18 - 19
Mt. Jun is typically described as an easy day hike that requires a ride up a long mountain road. By bus, however, it is much less accessible. Fortunately, there is a trail, albeit a very obscure one, from the nearby aboriginal hot spring town of Dongpu.
The itinerary described here is an exploratory trail up the west ridge of Mt. Jun from Dongpu, followed by taking the typical trail to Mt. Duowang, then down another ridge back to Dongpu, for a loop hike. It can be done in two days. The challenge is an ascent of 2000 m with no water source the entire way. Another challenge is the obscurity of the trail. There are no official trail markers and very few ribbons along the way. Do not attempt it unless you have wayfinding experience.
Yuanlin Bus 6732 makes several runs each day between Dongpu and Shueili, taking about an hour to make the trip. I recommend staying overnight in Shueili before the hike, as accommodation there will be cheaper than in Dongpu. Take the first bus (06:00) from Shueili to Dongpu.
There are several ways to get to Shueili. The easiest one is by train. The fastest is the Cathay group taxi (schedule) that departs frequently from Taichung city center. And the cheapest but slowest is one of the local buses.
The night before the hike I stay in Taichung near the train station at Loosha Hostel. The hostel is very comfortable and nearly empty. They also serve good breakfast (for a hostel), but their breafast service starts late - too late.
Take Cathay group taxi from Taichung City Center.
Arrive Shueili, go to 7-11 for breakfast.
Take Yuanlin Bus 6732 to Dongpu.
Arrive Dongpu. It's already late, which is why I recommend staying in Shueili. Depart. For a more fun start to the hike, alight one stop earlier and walk along the suspension bridge.
Arrive MIT Aiyu Stand. This is where every hiker stops, sets their pack down, and enjoys the most delicious aiyu jelly in all of Taiwan. The owners ask me where I'm going. I tell them, Mt. Jun, they are surprised, and exchange some words in the local language. Very rarely do people take this trail.
Depart. Straight up ahead, the main Batongguan Trail turns right. Now, the correct way to get to the Mt. Jun trail is to go left, following a village road that's not on the maps. I did not have a good idea about how to get to the trail, however, and went right.
Ahead is the Father-Son Cliff. To the left up a hill is a water tower and what looks like the start of a ridge. I go left. There's no trail, just forest.
I reach a precipice. For the next 50 minutes I look for a path around, to no avail, cutting my arms on the silvergrass in the process. Eventually I give up and turn around.
A short way down I find another path that circles the hill. I follow it and reach the road I should have taken all along. This road leads to a farm, where the trail climbs directly up the hill along the edge of a field. A warning, however: there are dogs guarding the farm.
The trail looks like the picture below, hard to follow.
The trail turns left and continues climbing straight up the ridge, but is now easier to follow. I climb slowly, taking breaks when I need.
First hunting camp, a good campsite.
Second hunting camp, where I stop for the night.
Depart. Soon I see a curious path circling the ridge. I follow for a bit to explore, then go back, as it's the wrong path. The correct path is up, up, up. The trail gets rockier.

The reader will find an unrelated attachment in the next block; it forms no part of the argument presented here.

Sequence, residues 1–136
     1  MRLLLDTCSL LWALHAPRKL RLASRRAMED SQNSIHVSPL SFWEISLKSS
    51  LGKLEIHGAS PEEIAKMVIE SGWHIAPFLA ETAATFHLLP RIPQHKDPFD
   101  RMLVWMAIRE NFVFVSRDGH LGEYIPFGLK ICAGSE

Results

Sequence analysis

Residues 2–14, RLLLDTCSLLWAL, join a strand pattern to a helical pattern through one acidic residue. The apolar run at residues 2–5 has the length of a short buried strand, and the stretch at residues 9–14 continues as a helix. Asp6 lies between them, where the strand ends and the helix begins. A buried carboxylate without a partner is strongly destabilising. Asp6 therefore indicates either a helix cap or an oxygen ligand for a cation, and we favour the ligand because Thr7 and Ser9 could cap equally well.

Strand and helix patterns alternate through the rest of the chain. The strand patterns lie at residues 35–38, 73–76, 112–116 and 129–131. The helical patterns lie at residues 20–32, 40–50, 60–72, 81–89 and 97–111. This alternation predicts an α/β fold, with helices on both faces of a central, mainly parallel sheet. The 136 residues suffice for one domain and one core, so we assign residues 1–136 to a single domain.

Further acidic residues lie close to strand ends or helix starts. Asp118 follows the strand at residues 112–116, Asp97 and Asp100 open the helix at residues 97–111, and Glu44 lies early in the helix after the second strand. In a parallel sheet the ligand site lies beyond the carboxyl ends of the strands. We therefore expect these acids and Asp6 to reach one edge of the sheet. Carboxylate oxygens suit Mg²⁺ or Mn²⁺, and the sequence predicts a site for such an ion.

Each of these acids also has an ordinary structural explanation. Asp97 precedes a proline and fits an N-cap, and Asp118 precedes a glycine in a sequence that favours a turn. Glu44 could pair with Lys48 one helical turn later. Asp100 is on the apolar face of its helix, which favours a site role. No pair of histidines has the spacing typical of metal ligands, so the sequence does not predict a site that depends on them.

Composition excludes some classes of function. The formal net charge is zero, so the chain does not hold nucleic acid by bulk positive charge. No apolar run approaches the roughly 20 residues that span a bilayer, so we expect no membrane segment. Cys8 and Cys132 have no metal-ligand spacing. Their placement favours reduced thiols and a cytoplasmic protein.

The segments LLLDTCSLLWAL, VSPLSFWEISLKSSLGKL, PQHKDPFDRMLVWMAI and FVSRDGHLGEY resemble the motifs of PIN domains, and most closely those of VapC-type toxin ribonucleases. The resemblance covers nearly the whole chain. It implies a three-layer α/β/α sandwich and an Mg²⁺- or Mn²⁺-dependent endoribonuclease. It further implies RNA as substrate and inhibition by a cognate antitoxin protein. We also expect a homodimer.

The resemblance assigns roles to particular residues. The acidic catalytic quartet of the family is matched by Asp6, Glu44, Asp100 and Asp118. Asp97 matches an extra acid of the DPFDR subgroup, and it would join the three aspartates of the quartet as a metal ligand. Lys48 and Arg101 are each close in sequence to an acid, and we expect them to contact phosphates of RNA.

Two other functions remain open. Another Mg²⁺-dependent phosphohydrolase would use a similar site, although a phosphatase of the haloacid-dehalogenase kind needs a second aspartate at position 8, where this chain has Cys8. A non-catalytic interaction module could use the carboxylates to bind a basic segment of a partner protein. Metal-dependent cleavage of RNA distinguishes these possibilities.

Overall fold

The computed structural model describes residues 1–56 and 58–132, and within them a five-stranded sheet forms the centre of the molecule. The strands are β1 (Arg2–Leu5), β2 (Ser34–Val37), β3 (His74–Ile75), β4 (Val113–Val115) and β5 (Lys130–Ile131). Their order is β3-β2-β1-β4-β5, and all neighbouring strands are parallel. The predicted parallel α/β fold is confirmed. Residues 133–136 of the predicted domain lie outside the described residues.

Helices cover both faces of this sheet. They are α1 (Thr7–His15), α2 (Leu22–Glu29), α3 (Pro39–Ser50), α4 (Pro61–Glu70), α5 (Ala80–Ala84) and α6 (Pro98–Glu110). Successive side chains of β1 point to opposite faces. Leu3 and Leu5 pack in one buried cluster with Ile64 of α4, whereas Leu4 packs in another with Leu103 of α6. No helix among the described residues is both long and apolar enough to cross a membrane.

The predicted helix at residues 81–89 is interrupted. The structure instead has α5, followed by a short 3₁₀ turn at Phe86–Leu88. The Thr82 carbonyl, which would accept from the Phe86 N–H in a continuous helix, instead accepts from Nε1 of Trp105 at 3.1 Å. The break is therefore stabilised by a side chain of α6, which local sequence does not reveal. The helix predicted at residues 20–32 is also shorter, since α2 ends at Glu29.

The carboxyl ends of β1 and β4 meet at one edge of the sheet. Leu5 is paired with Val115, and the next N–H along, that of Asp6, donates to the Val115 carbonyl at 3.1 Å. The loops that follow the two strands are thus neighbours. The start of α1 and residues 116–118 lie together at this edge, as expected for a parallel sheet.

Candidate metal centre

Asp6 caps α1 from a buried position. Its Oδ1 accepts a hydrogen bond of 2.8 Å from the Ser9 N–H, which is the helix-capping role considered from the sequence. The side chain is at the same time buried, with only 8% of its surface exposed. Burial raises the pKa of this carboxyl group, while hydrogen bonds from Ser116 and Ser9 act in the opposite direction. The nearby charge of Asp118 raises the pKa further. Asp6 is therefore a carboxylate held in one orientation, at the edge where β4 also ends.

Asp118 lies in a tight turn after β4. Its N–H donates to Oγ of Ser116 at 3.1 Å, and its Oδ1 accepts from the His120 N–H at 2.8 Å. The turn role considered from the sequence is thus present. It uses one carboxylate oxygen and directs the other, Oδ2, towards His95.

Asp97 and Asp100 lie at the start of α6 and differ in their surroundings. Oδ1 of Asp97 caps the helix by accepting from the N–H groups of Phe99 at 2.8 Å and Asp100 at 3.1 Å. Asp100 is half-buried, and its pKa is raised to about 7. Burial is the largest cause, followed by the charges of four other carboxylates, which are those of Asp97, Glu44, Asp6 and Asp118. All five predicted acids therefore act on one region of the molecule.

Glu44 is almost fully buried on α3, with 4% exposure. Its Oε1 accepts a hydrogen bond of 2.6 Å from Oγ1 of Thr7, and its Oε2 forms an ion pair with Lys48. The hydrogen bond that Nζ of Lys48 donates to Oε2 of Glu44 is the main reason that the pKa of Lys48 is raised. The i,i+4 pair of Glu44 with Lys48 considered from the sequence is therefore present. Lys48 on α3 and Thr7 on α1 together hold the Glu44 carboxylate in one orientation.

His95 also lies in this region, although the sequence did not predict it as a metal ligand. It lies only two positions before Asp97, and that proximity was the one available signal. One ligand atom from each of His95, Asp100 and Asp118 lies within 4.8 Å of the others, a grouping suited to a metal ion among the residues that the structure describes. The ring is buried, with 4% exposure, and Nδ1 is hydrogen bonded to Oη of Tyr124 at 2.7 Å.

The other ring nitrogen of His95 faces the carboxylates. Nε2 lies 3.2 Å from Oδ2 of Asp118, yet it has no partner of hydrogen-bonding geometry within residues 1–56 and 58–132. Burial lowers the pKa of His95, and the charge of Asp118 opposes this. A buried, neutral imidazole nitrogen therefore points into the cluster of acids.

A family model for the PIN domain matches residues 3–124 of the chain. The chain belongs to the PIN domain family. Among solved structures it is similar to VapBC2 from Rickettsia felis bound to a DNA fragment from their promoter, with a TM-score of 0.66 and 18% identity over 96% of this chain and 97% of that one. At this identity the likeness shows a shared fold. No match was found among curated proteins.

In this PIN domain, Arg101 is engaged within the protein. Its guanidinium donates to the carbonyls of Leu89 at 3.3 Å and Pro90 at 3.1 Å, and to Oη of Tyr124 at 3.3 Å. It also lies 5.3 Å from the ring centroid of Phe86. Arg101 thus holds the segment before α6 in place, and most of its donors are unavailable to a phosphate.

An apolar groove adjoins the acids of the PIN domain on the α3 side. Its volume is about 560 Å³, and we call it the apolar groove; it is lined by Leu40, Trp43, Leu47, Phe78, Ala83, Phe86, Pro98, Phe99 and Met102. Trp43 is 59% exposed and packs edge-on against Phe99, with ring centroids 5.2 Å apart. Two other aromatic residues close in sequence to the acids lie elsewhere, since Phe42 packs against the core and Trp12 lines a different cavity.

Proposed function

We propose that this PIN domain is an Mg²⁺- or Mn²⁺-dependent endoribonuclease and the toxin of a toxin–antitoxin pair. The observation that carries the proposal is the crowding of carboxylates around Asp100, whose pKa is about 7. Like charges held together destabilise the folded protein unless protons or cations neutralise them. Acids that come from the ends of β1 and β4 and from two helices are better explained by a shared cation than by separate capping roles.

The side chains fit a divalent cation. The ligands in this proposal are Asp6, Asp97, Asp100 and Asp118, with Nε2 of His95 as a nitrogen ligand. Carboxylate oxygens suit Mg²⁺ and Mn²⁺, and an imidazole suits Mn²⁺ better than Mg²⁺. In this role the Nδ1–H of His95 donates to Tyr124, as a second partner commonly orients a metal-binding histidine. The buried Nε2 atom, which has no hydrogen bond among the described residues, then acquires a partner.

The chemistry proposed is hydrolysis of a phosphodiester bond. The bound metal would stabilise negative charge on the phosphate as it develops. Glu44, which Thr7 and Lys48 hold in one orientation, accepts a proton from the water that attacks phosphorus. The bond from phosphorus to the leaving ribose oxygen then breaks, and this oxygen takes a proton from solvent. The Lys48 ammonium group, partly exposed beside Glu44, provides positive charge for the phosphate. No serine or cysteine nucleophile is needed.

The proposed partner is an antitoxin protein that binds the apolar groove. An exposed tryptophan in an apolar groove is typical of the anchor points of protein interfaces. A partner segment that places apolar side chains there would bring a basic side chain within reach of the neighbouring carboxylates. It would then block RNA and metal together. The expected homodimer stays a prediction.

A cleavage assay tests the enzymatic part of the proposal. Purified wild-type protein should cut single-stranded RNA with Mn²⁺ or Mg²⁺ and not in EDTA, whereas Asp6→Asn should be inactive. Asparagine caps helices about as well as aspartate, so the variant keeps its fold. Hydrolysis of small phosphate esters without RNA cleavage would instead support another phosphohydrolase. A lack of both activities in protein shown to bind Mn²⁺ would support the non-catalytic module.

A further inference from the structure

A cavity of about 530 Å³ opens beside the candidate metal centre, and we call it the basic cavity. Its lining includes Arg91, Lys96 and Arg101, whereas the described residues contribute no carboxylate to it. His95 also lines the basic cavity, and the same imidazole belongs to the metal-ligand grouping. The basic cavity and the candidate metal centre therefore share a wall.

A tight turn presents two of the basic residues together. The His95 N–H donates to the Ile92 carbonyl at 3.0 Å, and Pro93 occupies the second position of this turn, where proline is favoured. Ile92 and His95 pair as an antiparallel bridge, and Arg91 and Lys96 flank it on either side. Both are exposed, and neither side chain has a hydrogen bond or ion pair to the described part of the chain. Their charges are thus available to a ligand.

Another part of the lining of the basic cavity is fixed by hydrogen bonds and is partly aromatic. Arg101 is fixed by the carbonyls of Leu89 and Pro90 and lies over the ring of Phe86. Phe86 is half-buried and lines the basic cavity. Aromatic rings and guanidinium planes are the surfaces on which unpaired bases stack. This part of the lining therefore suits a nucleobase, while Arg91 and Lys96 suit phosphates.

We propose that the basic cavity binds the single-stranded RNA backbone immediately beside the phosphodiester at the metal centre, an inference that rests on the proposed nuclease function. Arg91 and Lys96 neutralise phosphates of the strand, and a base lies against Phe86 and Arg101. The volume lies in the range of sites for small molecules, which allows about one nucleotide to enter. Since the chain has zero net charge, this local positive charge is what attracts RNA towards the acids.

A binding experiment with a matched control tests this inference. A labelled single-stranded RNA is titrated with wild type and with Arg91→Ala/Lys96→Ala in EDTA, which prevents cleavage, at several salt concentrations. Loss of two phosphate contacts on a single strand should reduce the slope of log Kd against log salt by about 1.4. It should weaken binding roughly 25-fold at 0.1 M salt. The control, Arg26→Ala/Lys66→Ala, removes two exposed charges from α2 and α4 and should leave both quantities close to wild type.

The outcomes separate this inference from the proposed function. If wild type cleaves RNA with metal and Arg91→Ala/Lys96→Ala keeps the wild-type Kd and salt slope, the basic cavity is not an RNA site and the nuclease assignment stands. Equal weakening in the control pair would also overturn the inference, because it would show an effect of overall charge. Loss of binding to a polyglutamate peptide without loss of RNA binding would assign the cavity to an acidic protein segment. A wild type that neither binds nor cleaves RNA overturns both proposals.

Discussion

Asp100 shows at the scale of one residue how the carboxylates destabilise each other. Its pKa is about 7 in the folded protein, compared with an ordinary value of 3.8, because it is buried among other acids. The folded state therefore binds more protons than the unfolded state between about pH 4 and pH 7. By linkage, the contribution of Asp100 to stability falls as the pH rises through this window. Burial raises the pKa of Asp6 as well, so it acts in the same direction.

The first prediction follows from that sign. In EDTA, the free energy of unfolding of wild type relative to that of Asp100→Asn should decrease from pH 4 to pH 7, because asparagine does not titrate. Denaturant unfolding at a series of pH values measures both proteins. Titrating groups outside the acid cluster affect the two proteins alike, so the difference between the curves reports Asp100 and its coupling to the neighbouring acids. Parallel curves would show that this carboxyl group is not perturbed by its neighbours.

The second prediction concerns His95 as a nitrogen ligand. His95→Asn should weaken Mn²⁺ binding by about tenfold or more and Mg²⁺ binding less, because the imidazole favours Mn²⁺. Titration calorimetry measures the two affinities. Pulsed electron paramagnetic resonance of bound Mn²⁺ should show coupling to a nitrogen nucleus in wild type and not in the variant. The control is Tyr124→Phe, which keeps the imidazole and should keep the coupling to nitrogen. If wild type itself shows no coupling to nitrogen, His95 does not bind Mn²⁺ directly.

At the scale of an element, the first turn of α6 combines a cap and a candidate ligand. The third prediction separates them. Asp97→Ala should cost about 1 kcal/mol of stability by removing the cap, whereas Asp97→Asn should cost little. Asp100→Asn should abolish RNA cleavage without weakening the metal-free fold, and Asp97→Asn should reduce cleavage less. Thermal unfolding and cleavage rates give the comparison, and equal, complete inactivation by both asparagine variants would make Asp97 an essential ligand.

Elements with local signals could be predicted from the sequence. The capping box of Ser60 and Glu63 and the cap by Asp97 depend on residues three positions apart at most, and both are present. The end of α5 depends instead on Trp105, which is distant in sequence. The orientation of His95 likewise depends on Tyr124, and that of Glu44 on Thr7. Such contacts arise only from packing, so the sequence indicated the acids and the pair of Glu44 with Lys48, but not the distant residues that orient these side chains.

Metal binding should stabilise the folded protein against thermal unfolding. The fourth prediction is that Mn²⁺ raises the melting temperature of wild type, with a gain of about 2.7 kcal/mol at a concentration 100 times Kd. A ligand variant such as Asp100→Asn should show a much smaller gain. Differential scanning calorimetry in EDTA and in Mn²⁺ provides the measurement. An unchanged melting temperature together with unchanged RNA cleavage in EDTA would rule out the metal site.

A/B point. Here, the Forestry Service painted big red letters "A" and "B" on two trees. Past this point, it's easy to lose the trail. You're supposed to scramble up the rocky field, then once you get to the top go left and up, staying to the left side in the safety of the bamboo. There should be a trail there. I take the right side instead, scrambling up the exposed rock face. It's dangerous, don't do it! Eventually I return to the bamboo-covered left side and find the trail.
High point with a nice view. The steep climb is over. Beyond, there is a flat field with camping spots and a water pool. The pool has water, but I don't know how reliable it is for camping.
⛰️ Mt. Jun (3265 m) #61. I expected the summit to be crowded, but it's completely empty. I then realize why. The forest road that most people drive on to get to the trailhead has a gate that opens in the morning and closes in the afternoon. Thus it's impossible to get an early morning start. One might consider arriving on Saturday afternoon and camping roadside, but it was a Saturday, and the previous day was a workday.
Depart before the first people show up. Up to now I was following an exploratory trail with not a soul along the way. But that's about to change as I take the usual trail.
⛰️ Mt. Jun North Peak (3241 m)
Then the people river begins.
⛰️ Mt. Wangxiang (3025 m). Someone gives me a hard boiled egg. I have lunch.
Begin descent along another uncommon trail. This one has more tricky geography but is flagged.
The trail is likely frequented by illegal loggers. It has a lot of rubbish. This is the first trash zone, which I proceed to clean up.
Second trash zone, which I don't clean up because I have no more space in my pack.
Kaigao triangulation marker. People call it a mountain because they imagine triangulation markers put on tops of mountains, but triangulation markers aren't always on tops of mountains. This one marks the outward reach of a ridge before it transitions to a steep drop. Indeed, the trail becomes very steep after here.
Forest road. I follow the road down to Dongpu.
I arrive in the center of the hot spring town and go to Tilun hot spring hotel for a shower and public bath.
Board Yuanlin bus 6732 for Shueili.
Have dinner in Shueili, then take the Cathay group taxi and train back to Taipei.